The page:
In general though, I'd say if they're capable of the points for UCD Engineering, they'd be wasted in an IT, and a level 7 qualification would limit their career prospects.

    There are financial supports if you're going to struggle in that regard. Talk to the university admissions office, and they'll put you in touch with them.

    You can get a level 8 or level 9 from the likes of dit, while working part time.

    The level 9s from UCD are extremely similar to the old level 8s, the main difference being the dissertation


  • #2


    mikhail wrote: »

    There are financial supports if you're going to struggle in that regard. Talk to the university admissions office, and they'll put you in touch with them.

    We earn over the threshold for the SUSI grant and accommodation in Dublin seems disproportionately expensive. College in Dublin is fine for students whose parents live there. For the rest of us, colleges in cheaper parts of Ireland makes more sense. It seems to me that the apprenticeship is the way to go followed by a level 8 and possibly level 9 in a University after it........if they then let students join at that stage.


  • #2


    Alkers wrote: »
    You can get a level 8 or level 9 from the likes of dit, while working part time.
    Which will still be a qualification from DIT (or TUD, I suppose), in which your scores are depressed because you're half-assing it because you're working at the same time.
    The level 9s from UCD are extremely similar to the old level 8s, the main difference being the dissertation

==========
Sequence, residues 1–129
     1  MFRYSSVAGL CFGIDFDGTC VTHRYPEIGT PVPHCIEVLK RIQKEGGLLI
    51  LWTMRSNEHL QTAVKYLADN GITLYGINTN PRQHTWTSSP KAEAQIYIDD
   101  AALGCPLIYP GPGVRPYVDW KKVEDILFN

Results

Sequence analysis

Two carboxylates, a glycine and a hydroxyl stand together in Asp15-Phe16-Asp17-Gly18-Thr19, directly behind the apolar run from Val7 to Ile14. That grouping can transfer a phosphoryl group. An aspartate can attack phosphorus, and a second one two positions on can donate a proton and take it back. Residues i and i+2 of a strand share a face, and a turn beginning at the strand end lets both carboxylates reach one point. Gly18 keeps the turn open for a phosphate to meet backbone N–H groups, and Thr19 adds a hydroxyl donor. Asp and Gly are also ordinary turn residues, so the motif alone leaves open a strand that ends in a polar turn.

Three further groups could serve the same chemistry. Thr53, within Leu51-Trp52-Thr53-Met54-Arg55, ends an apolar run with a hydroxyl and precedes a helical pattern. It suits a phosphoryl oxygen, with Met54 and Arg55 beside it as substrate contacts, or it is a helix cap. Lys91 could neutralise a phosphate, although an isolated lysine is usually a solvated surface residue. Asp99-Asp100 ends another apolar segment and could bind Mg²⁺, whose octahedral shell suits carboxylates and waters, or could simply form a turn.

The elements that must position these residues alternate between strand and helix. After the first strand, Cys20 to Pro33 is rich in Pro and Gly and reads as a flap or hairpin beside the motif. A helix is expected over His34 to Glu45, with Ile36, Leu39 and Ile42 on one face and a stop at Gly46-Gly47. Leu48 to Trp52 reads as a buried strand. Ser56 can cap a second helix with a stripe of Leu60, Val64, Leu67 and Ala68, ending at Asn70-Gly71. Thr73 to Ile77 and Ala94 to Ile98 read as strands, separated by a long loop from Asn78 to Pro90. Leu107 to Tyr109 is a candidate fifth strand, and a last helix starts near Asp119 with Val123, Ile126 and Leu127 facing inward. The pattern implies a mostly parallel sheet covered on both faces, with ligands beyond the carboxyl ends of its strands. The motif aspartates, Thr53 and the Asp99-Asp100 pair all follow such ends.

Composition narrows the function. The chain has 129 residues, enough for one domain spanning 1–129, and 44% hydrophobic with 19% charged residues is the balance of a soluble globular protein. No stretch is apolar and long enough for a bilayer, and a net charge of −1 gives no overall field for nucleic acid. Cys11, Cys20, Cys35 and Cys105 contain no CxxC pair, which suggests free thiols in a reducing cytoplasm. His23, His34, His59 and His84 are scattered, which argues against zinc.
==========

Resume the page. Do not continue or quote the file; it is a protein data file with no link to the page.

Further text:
That's not remotely true. The level 8s have a (slightly smaller) dissertation. The difference is an extra half year of coursework and a 6 month internship.


  • #2


    Hontou wrote: »
    ...accommodation in Dublin seems disproportionately expensive...
    Yeah, it's a curse.
    For the rest of us, colleges in cheaper parts of Ireland makes more sense.
    So why not go to Galway, Cork, Limerick, etc. for a level 8/9 course?
    It seems to me that the apprenticeship is the way to go followed by a level 8 and possibly level 9 in a University after it........if they then let students join at that stage.
    They do, providing the grades in the previous courses are high enough.


  • #2


    mikhail wrote: »


    That's not remotely true. The level 8s have a (slightly smaller) dissertation. The difference is an extra half year of coursework and a 6 month internship.

    I was in UCD when the transition from the Level 8 to level 9 programme took place, the vast majority of the level 9 modules are the exact same as those that were offered on the level 8 programme with the same past papers etc. It's a better qualification on paper absolutely but in terms of actual education it's almost identical. I did two 3 month internships as part of my level 8 degree there also.